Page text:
Disadvantaged students are more likely to search for colleges haphazardly, rather than in the systematic way a good counselor would encourage. And that makes them more susceptible to marketing from lower-tier colleges that may not be a good fit, academically or financially. That’s the takeaway of a new paper that will be presented on Wednesday at the annual meeting of the American Educational Research Association but is not yet available online.
The paper, “Easy Targets: Haphazard College Searching and the Reproduction of Inequalities in Higher Education,” is based on a two-year qualitative study at two suburban high schools in the Northeast. Its author, Megan M. Holland, expects to receive her doctorate in sociology from Harvard University this month.
Among the 89 students she interviewed, Ms. Holland identified two main approaches to the college search. Some students were…
April 17, 2013, 3:11 pm
San Francisco — Adult students are an unrecognized minority group at traditional colleges. Not only are there fewer students who fall into that category, but the institutions have been set up to serve a different type of student. That’s the case two administrators at Mount Mercy University made here on Wednesday at a session of the American Association of Collegiate Registrars and Admissions Officers’ annual meeting.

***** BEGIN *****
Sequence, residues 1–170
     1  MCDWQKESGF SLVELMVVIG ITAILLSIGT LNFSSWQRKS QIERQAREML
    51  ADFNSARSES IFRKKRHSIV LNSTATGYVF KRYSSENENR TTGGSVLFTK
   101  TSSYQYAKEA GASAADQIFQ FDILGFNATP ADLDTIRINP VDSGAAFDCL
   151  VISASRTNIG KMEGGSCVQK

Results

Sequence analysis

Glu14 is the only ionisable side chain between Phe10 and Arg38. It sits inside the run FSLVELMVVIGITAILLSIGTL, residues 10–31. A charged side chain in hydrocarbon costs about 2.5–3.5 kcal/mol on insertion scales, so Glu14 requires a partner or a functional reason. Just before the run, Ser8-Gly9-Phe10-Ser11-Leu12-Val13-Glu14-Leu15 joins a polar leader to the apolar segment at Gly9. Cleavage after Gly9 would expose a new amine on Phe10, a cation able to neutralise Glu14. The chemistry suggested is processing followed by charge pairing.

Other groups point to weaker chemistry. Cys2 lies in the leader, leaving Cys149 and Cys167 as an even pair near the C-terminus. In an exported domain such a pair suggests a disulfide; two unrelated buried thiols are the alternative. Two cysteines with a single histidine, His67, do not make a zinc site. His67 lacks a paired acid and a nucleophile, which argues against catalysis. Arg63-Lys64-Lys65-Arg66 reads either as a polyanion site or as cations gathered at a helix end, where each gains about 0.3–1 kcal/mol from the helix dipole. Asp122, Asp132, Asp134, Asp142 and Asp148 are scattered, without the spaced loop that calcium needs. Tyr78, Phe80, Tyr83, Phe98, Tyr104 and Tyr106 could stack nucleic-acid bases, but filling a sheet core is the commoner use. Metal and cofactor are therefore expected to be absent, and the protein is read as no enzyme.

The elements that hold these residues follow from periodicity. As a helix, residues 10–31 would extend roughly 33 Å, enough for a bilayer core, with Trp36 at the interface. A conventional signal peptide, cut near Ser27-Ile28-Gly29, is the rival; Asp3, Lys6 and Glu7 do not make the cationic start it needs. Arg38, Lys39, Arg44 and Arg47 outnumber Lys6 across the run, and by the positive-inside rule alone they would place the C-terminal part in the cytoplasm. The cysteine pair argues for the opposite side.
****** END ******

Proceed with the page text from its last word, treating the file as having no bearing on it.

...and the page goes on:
The two officials—Colette Atkins, assistant dean of adult accelerated programs, and Jason Clapp, the registrar—described how they had worked together to meet the needs of older students who have job and family responsibilities on top of academic ones.
In the coming years, the adult-student population is projected to grow more quickly than the traditional-age one nationwide, Mr. Clapp said. “We need to be paying attention to that market.”
Mount Mercy started an…
April 16, 2013, 11:10 pm
Releasing a staff member for a professional development opportunity can mean extra work for everyone else. But as he writes in a guest post today, Ed Trombley, learned that it can pay off. Mr. Trombley, the registrar at Embry-Riddle Aeronautical University Worldwide, was slated to present on this topic at a session of the American Association of Collegiate Registrars and Admissions Officers’ meeting this week.